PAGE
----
Edwin initially was buried in the King’s Cross Military Cemetery at Souchez about 1 mile north-west of Vimy Ridge. The cemetery was extensively damaged in subsequent fighting and his body was exhumed in 1921 and reburied in what is now known as the Lievin Communal Cemetery Extension. This cemetery contains 300 burials of which 100 are Canadians.
Besides the Ashville Memorials and his headstone in France, Edwin is commemorated in Middleton-in-Teesdale where his parents were living at the time of his death although Edwin probably never resided there. They did not get his name quite right on the town War Memorial. There is also a marble tablet measuring 5ft by 3ft 6in in the Parish church bearing the same names and an article in the Teesdale Mercury indicates they once again gave him an extra Christian name.
Edwin’s parents were the Rev Charles Pettler and Elizabeth Ann Matthews. His mother died when he 14 months old and his father remarried about 18 months later in the summer of 1894, to Sarah Anne Priestley. Two years later Edwin’s elder sister, Lily, passed away at the age of 6.
The 1911 Census return shows that Edwin subsequently had two half sisters, Lily (4 years younger and presumably named in memory of her deceased half sister) & Gertrude Irene (10 years younger). The Census form gives 19 year old Edwin’s occupation as “Ministerial Student”. At the time the family were living in Eston in Yorkshire about equidistant between Middlesbrough & Redcar. His father was the Primitive Methodist Minister for the South Bank Circuit in that vicinity, getting its name from the River Tees.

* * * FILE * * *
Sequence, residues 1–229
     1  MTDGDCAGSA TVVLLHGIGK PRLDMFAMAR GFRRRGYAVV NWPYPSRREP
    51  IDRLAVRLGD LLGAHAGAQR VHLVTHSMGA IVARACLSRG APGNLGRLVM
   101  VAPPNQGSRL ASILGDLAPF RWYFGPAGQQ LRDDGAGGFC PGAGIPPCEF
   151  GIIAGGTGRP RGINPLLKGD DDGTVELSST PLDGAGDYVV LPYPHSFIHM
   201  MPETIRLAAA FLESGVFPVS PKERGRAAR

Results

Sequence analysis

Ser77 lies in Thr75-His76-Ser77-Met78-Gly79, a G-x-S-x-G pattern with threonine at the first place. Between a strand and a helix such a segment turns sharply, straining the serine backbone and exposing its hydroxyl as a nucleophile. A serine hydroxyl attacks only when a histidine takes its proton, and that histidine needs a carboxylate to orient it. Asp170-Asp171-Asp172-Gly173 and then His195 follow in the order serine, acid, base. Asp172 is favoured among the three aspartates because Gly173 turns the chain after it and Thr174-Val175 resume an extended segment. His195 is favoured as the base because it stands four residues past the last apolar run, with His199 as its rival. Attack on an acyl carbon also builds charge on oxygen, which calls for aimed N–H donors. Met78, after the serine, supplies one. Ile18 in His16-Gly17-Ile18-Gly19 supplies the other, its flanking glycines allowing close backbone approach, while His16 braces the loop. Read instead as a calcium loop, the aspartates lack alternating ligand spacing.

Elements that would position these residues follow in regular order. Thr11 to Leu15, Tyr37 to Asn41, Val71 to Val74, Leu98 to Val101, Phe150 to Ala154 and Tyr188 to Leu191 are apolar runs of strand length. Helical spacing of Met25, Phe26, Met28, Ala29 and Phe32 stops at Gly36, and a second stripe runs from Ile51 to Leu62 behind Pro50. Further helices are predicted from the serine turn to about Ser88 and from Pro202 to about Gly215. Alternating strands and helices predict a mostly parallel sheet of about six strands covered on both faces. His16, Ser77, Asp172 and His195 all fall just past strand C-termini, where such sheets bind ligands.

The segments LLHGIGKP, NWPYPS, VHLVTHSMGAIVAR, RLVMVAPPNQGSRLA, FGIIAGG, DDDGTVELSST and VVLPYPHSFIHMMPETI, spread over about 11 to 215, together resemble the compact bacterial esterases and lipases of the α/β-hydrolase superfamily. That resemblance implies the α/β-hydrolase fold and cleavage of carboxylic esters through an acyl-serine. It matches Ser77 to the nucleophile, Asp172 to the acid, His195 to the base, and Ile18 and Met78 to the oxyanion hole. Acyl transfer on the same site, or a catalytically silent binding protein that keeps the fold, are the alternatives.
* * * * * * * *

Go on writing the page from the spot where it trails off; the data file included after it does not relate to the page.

Edwin’s obituary in the Teesdale Mercury of Wednesday 6th June 1917 gives an insight into his family life:-
“The Rev. C. and Mrs Pettler, Primitive Methodist Manse, Middleton-in-Teesdale, received the sad news, on Friday, that their only son, Private E. M. Pettler had been killed in action on April 12th, in France. The gallant young man spent three years at Elmfleld College, and was recommended for the ministry, but preferring an open-air life, emigrated to Canada, where he became an acceptable local preacher, and was again invited to join the Canadian ministry, but stuck to farming. In November 1915, he joined the Scout Section of the 46th Canadian Battalion and came over to England the following summer, visiting his parents at Middleton In July. Deceased, who was 25 years of age, was one of five who came on the plan as local preachers at South Bank, four of whom gave their lives for King and Country.”